In reality, many people will have a combination of these factors.
Overuse can be from repetitive exercise (running is a big one) or performing the same motion frequently throughout your day. To learn more about overuse, and identify if it might contribute to your issues, check out this blog post. https://www.levowellness.com/blog/howtoavoidoveruse
2. Prolonged positioning
Muscles are plastic, meaning they will adapt to how they are trained. If a muscle is always in a shortened position, it will “forget” how to contract within its full range and feel tight. If you have to sit all day, you want to make sure these muscles are strong and can tolerate how much you’re sitting. Prolonged sitting can lead to weakness in the psoas itself. Luckily, even if you HAVE to sit/drive a lot, you can train your psoas in your exercise routine to have the strength to tolerate sitting all day long.
3. Surrounding weaknesses
The psoas can be weak itself, causing dysfunction. The psoas can also be tight because it’s protecting for surrounding instability. Let’s look at a couple of the muscles that could be contributing to instability. Remember, there are dozens in this area, but these are a good start.
Many times tightness is a result of weakness. Your glutes are one of your psoas’ opposers, but if your body senses weakness in your glutes, it can tighten the psoas to protect you from moving into an uncontrolled range of motion (hip extension that isn’t supported by a well-connected glute muscle).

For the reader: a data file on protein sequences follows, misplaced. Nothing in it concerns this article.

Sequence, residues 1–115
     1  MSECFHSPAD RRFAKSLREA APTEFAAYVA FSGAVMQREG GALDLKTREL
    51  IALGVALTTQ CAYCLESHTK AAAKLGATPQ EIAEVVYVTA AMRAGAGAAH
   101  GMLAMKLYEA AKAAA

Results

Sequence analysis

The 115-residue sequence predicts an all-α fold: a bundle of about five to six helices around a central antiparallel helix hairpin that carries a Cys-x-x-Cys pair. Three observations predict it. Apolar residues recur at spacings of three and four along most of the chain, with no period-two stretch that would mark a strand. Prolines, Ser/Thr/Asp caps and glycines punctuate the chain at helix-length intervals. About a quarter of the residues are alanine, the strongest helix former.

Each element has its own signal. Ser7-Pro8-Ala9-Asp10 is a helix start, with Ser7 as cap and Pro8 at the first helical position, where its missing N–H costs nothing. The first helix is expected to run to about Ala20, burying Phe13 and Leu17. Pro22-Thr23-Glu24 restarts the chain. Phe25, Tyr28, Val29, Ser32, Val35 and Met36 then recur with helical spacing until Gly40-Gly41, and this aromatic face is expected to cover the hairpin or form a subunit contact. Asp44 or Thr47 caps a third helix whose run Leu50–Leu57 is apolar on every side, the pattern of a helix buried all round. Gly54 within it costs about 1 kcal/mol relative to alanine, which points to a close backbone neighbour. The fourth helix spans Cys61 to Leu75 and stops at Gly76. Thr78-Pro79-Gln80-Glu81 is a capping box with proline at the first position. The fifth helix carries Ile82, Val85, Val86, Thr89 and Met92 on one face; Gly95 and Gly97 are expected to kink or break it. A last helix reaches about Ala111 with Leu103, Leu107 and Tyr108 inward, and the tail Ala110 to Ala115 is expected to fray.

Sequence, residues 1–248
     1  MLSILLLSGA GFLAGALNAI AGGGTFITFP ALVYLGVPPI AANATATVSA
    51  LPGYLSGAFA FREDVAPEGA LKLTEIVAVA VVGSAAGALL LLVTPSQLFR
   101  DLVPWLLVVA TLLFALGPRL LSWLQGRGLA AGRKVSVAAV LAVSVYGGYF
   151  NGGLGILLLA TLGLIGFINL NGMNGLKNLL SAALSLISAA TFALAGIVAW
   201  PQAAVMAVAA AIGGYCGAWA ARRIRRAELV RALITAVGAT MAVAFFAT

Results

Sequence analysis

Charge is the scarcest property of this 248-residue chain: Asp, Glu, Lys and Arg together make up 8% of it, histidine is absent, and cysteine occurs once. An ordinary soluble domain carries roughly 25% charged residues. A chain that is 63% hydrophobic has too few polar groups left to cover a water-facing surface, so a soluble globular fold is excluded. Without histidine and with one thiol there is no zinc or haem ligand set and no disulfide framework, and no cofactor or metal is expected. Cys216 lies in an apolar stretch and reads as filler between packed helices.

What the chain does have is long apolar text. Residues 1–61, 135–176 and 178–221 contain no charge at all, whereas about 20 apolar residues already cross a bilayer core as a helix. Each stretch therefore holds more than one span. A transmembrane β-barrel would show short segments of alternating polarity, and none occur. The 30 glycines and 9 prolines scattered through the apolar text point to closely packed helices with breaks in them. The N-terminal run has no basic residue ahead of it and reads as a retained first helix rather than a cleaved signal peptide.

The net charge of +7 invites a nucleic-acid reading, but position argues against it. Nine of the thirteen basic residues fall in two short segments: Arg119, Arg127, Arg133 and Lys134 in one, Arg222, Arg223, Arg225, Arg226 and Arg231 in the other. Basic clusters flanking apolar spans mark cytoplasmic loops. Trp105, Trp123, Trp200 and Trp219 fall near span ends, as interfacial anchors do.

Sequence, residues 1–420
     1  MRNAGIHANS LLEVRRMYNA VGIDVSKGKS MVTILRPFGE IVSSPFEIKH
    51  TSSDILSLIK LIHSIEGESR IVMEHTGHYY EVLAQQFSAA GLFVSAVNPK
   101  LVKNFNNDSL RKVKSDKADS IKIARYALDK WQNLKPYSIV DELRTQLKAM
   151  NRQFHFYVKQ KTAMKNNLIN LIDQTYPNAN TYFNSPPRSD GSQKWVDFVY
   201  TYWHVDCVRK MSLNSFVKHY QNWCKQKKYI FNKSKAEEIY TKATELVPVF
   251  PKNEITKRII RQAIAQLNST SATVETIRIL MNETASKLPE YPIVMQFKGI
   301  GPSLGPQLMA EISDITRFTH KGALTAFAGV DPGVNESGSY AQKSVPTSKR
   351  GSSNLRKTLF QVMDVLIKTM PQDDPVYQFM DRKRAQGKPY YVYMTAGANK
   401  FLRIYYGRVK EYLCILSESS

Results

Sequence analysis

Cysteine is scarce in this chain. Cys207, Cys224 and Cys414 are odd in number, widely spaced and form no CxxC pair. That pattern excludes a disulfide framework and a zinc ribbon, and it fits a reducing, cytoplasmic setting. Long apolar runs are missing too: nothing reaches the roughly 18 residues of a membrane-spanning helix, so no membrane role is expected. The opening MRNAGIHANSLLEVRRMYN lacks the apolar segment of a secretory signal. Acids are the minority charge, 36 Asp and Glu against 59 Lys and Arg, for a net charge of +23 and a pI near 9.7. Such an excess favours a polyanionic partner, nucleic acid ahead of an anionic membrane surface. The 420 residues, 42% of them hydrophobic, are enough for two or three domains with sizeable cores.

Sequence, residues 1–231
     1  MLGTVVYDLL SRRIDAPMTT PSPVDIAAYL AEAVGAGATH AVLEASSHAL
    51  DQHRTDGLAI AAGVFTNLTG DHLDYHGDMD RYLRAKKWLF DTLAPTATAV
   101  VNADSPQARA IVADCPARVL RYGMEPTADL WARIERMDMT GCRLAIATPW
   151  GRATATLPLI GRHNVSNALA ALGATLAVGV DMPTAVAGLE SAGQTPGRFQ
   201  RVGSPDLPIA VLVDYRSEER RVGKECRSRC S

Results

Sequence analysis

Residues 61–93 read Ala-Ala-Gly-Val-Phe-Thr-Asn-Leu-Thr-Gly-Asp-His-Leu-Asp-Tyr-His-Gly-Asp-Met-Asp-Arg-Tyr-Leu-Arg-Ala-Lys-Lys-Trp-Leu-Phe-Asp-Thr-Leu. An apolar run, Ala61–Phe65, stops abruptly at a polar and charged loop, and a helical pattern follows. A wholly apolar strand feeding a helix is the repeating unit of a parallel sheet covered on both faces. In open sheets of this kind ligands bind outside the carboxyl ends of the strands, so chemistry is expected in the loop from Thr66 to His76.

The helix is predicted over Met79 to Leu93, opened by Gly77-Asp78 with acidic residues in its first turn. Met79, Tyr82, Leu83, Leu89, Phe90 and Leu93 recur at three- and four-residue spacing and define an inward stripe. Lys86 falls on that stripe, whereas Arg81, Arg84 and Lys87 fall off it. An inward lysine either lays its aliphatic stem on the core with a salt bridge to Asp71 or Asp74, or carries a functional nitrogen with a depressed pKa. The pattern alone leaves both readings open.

For your nervous system to be fully connected to a muscle, the muscle must be strong through its entire range of motion. If you’re only strengthening at the end range of motion (many Pilates students) OR only in the lengthened range (squats), you’re missing opportunities to gain connection to the glute throughout the entire range of motion. Strengthen them all!
Quadratus lumborum (QL):
The QL has similar insertion points as the psoas on the lumbar spine and can either aide the psoas or oppose it. Either way, the QL has to be strong and connected for the psoas to function without tightness.
4. Diaphragm/pelvic floor dysfunction
Your diaphragm is the major muscle that aids in breathing, but it is accompanied by a system of other muscles cooperating to form a pressure system within your abdomen. It relies on support from the obliques, pelvic floor, and deep abdominal muscles. The psoas also has attachments on the diaphragm and aides in this pressure system.
There are fascial links between the diaphragm and the muscles of the lower abdomen. This fascia is rich in proprioceptive organelles that send messages of “danger” (instability/inflammation) to your nervous system. If one or more of these abdomen tissues are dysfunctional, the entire system can be dysfunctional.
This is because when the muscles do not slide properly within the connective sheath (fascia), the pressure system is disrupted, and pathology (pain/dysfunction) can occur. This can present in psoas tightness/discomfort. This is why learning to stimulate all the abdomen’s tissues is important, and the diaphragm is no exception.